Posted by Ray Majoran
For those of you that have been following the latest news of Microsoft’s Internet Explorer 8 browser, some questions have probably entered your mind, starting with: Will my website be compatible with Internet Explorer 8?
Well, that’s a great question… one that Microsoft can’t even seem to answer. In their latest effort to release a browser that is more “standards-compliant”, they have created the perfect conditions for a catastrophic disaster on the web. To date, Microsoft has released a list of over 2,400 major sites that do not work with their latest browser. Let’s list a few of them: CNN, Google, Yahoo, YouTube, Wikipedia, eBay, Blogger.com, MySpace, Apple, WordPress, Facebook, New York Times, Flickr and Amazon. I recognize that all of those sites are really small players in the industry… (sarcasm). “Hello… Microsoft, is anyone in there???” Oh shoot, I forgot to mention another site on the incompatibility list… Microsoft.com.
Is it just me, or has Microsoft really missed the boat here? Basically, what they are telling us is that although all of these sites work with Internet Explorer 6/7 and standards-compliant browsers like Firefox, Chrome and Safari, they will cease to work in Internet Explorer 8.
Microsoft’s answer to this is a little button in IE8 called “Compatibility View”, that when clicked makes the site compatible with its browser. When I first read about this, my response was, “You’re joking, right?” After all of the flack they went through with Vista, they are now going to release another band-aid solution. To me, that just doesn’t make sense; not from a business perspective, not from a public relations perspective, and surely not from a brand perspective.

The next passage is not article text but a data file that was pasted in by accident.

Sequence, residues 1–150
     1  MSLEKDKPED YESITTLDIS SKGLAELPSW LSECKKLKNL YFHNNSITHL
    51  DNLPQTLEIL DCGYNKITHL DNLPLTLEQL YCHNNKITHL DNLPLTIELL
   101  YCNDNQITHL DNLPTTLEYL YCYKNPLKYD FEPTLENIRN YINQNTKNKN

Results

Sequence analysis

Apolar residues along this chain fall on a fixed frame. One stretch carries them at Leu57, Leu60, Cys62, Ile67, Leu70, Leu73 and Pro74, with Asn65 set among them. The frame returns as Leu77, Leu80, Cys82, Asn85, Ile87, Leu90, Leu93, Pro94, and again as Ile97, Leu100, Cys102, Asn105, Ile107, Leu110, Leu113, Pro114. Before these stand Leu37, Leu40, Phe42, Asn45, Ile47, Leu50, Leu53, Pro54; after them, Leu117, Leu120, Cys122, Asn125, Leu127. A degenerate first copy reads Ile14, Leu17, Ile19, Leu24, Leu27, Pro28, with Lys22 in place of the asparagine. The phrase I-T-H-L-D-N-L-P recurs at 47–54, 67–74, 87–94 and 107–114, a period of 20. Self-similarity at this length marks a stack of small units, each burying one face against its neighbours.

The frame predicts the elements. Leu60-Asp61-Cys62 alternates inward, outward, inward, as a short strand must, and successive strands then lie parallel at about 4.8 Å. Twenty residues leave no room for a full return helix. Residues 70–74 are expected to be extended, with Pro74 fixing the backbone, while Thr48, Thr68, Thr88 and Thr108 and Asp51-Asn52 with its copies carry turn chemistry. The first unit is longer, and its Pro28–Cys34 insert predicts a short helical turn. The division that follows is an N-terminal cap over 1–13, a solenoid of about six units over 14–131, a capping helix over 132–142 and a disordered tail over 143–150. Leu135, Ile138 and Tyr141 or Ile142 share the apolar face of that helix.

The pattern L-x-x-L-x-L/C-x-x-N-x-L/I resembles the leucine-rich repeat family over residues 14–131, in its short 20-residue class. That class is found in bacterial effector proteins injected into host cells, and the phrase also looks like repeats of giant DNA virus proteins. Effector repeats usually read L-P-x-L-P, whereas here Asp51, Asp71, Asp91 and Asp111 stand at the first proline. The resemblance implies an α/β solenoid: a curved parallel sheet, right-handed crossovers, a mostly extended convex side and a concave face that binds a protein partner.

In 2002, Internet Explorer controlled 83.4% of the market. By 2007, it dropped to 56.0% (see W3Schools stats). As of January 2009, Internet Explorer now makes up 44.8% of the market (vs. Firefox at 45.5%). I can’t help but think that number will continue to drop unless Microsoft gets its act together. As a personal fan of Windows, I really hope they do (although I made the switch to Firefox a long time ago).
For those of you that are on AdvancedMinistry, we will be watching carefully as Microsoft continues to press forward with IE8. It is our intention to bring all of our second and third generation templates up to IE8 standards as soon as they complete beta and release a public version. But for other ministry websites out there, I can’t help but think that this is just “another thing” that they don’t need. Instead of being productive with our time, website developers are forced to write “another layer” of code to make sure their sites work with IE8 – something that most people had to do with IE7 and IE6 (because of it’s incompatibilities with web standards).
Perhaps it’s time that we once-and-for-all say “enough is enough” and recognize that Microsoft will never be able to regain its position in the browser market. Netscape had to let go. Maybe it’s time for Microsoft to follow suit.